Trapping and brain scanning 101

Earlier this week we were fortunate to play host to Science and National Geographic writer, Virginia Morrell.  Her upcoming book, Animal Wise, walks readers through some of the most exciting science in animal behavior and emotions and is available for preorder on Amazon.  It was a wonderful opportunity to meet a renowned science writer but, even better, an excuse to go out trapping and get my first scanning experience with the crows.

Our first trapping effort took place the day after new years and, all in all, was a disaster.  The birds took longer than expected to find our food bonanza and once they did, our net launcher failed to deploy.  Thinking it was a problem of dead batteries, we headed in and ate some lunch while we waited for them to charge.  Hours later, after more deployment failures we discovered it was a faulty trigger and wrapped up the day.  We would have to head back to campus and get the other trigger box, something that would take too much time to do try any more trapping that day.  Once back on campus we discovered, of course, that the second trigger box didn’t have the right plug and would require an adapter.  Although a disappointment to finish the day empty handed, it was a good reminder how many details are present (and can go wrong) at every step of the research process.

Day two promised more success, and indeed we managed to net a bird.  A wonky net deployment, however, missed a great group feeding from our bait site, and we were disappointed to have not caught more.   The scanning demo for Virginia only required a single bird, but it’s hard not to get greedy when you know more data could be collected.  Having caught our bird early enough in the day we thought it was worth trying again and laid more bait out.  After waiting around with no success we packed up and moved our trapping equipment down the road, hoping to net some naive birds.  After our dispersal there was an almost immediate return to our former bait site by the waiting crows.  Our net launcher had been camouflaged, how did they know the danger was gone?  Or did they?  What cues might they have been paying attention to?  I sense the questions of a Master project coming together…Our second site didn’t prove much more successful and after a long morning we headed in with our single bird.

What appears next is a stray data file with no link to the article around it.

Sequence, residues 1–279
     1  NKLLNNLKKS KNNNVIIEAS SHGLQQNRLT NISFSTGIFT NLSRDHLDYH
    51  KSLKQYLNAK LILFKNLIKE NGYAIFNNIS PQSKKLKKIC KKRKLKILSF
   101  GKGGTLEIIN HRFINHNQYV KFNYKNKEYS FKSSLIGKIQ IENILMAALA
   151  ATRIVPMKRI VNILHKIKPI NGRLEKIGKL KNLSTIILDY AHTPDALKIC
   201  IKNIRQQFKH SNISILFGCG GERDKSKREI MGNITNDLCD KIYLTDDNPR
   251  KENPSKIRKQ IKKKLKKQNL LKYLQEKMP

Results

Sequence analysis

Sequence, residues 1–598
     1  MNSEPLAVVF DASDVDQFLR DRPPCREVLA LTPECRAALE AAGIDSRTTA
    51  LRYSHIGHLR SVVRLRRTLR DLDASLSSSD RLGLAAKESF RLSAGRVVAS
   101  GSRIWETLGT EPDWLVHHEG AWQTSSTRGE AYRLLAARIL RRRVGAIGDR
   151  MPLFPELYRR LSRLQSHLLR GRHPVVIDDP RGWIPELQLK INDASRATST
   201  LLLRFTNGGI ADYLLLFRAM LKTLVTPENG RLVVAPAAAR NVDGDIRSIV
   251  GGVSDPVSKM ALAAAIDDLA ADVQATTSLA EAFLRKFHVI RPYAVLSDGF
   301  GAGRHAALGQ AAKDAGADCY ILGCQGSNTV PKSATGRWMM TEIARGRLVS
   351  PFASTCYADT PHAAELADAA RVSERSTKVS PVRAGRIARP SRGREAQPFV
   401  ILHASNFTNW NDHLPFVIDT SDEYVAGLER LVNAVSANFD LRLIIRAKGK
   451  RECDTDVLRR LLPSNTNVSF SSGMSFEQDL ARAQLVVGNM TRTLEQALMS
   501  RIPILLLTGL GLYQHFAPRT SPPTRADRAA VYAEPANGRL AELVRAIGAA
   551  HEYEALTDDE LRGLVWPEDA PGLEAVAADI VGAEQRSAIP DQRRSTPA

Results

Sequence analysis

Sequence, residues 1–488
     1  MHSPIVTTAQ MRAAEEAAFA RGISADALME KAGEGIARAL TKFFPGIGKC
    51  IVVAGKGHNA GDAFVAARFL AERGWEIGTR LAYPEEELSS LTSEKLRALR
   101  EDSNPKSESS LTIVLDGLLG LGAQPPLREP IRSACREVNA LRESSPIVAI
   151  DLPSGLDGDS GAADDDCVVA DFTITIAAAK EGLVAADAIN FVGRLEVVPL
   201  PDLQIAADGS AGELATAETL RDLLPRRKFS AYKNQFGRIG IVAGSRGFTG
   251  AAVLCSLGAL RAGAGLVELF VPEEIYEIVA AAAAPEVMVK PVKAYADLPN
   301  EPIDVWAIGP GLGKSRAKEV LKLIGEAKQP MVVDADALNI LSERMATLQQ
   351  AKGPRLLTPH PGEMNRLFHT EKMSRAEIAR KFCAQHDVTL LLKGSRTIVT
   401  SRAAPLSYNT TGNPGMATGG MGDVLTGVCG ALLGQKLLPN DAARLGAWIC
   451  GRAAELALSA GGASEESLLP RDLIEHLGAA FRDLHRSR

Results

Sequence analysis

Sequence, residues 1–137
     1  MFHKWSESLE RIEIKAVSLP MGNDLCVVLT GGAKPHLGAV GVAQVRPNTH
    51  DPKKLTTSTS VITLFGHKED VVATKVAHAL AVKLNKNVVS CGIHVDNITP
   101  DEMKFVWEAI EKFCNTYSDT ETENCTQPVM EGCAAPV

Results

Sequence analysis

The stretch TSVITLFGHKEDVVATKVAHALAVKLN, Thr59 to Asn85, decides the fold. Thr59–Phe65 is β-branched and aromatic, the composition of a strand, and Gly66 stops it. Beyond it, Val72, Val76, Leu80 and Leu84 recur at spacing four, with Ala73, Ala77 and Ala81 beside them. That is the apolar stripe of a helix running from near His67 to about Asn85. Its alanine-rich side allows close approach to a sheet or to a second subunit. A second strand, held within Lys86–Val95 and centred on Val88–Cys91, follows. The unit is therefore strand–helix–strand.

For the next 5 days I was charged with feeding and caring for “Blue” (named after the color band we applied).  We were lucky to have caught such a robust adult, and to our relief he was not the least bit timid about eating his food or generally making a big mess.  With the wild crows there to pick up the scrapes and keep him company, Blue tamed up quick and it was a pleasure to watch move about his aviary.

Me and John6 days after trapping him, it was time to take Blue in for scanning.  The whole procedure went incredibly smoothly, and Blue perked up quickly after taking him off anesthesia.  After 24 hours of recovery time, it was time to let Blue go.  It was a great experience, and a pleasure to share that, and the rest of our day with Virginia.  I can’t wait for her book to come out!

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